Section 4 of the Harmful Digital Communications Act sets out “communications principles” that are required to be taken into account by those (including courts) performing functions and exercising powers under the Act. Principle 9 is in these terms:
A digital communication should not denigrate an individual by reason of his or her colour, race, ethnic or national origins, religion, gender, sexual orientation, or disability.
Broadcasting Act 1989
Section 4 of the Broadcasting Act 1989 sets out the responsibility of broadcasters for programme standards. Broadcasters are responsible for maintaining standards that are consistent, among other things, with:
- the observance of good taste and decency;
- the maintenance of law and order; and
- the principle that controversial issues of public importance are discussed in a balanced way.
There are four Broadcasting Codes of Practice (for radio, free-to-air television, pay television and election programmes in an election period) and they all contain standards that outline what is required of broadcasters when they broadcast programmes in New Zealand.
One of those standards is titled “Discrimination and Denigration”. The purpose of that standard is to protect sections of the community from verbal and other attacks, and to foster a community commitment to equality. The standard only applies to recognised sections of the community, which are broadly consistent with the prohibited grounds for discrimination listed in section 21 the Human Rights Act and include, amongst many others, “religious belief” and “race”.
Films, Videos, and Publications Classification Act 1993: the current law
The Films, Videos and Publications Classification Act 1993 is New Zealand’s principal censorship legislation. Under this Act, it is an offence, punishable by a fine not exceeding $2,000, to be in possession of an objectionable publication.100 It is an offence, punishable by imprisonment of up to 10 years, to be in possession of a publication that the person knows (or has reasonable cause to believe) is objectionable.101 There are also distribution offences.
To be objectionable, a publication must describe, depict, express or otherwise deal with matters “such as sex, horror, crime, cruelty, or violence”.102 These topics are sometimes referred to as subject‑matter “gateways”. If the publication does not deal with one of these topics, and thus does not pass through a subject-matter gateway, it cannot be classified as objectionable.103 Illustrating this, there is a decision of the Court of Appeal in which a publication that protested against homosexuality was not classified as objectionable as denigration, by itself, was insufficient to amount to violence or cruelty.104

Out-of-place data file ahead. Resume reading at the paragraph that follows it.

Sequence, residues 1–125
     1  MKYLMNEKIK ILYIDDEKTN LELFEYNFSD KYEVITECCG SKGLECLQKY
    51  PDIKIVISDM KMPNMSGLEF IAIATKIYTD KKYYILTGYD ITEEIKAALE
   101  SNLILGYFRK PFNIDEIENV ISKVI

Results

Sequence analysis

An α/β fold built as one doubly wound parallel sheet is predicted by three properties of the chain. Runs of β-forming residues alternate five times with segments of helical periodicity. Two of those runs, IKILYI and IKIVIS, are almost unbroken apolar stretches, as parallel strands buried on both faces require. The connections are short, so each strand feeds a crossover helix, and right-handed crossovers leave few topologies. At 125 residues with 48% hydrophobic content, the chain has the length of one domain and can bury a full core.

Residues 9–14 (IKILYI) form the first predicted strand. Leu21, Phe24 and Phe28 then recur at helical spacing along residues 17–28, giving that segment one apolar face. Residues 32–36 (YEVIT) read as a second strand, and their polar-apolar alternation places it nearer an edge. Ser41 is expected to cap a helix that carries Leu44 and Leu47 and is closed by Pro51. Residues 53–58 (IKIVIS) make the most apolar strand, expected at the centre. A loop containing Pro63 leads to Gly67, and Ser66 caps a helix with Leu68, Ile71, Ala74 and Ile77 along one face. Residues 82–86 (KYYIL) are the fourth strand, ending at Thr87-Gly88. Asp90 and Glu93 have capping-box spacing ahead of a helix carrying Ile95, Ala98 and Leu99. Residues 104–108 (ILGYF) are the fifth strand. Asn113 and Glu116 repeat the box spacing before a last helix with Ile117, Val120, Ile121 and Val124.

If a publication passes through a subject-matter gateway, it can only be classified as objectionable if it deals with one of the topics “in such a manner that the availability of the publication is likely to be injurious to the public good”. Injury to the public good can be established in a number of ways. First, section 3(2) of the Act deems a publication to be objectionable if it “promotes, supports, or tends or promote or support” a number of activities or actions. Among those are “acts of torture or the infliction of extreme violence or extreme cruelty”. Second, a publication can be classified as objectionable on the basis of factors and criteria set out in section 3(3) and (4) of the Act.
Section 3(3) and (4) provide:
In determining, for the purposes of this Act, whether or not any publication (other than a publication to which subsection (2) applies) is objectionable or should in accordance with section 23(2) be given a classification other than objectionable, particular weight shall be given to the extent and degree to which, and the manner in which, the publication—
- describes, depicts, or otherwise deals with—
- acts of torture, the infliction of serious physical harm, or acts of significant cruelty: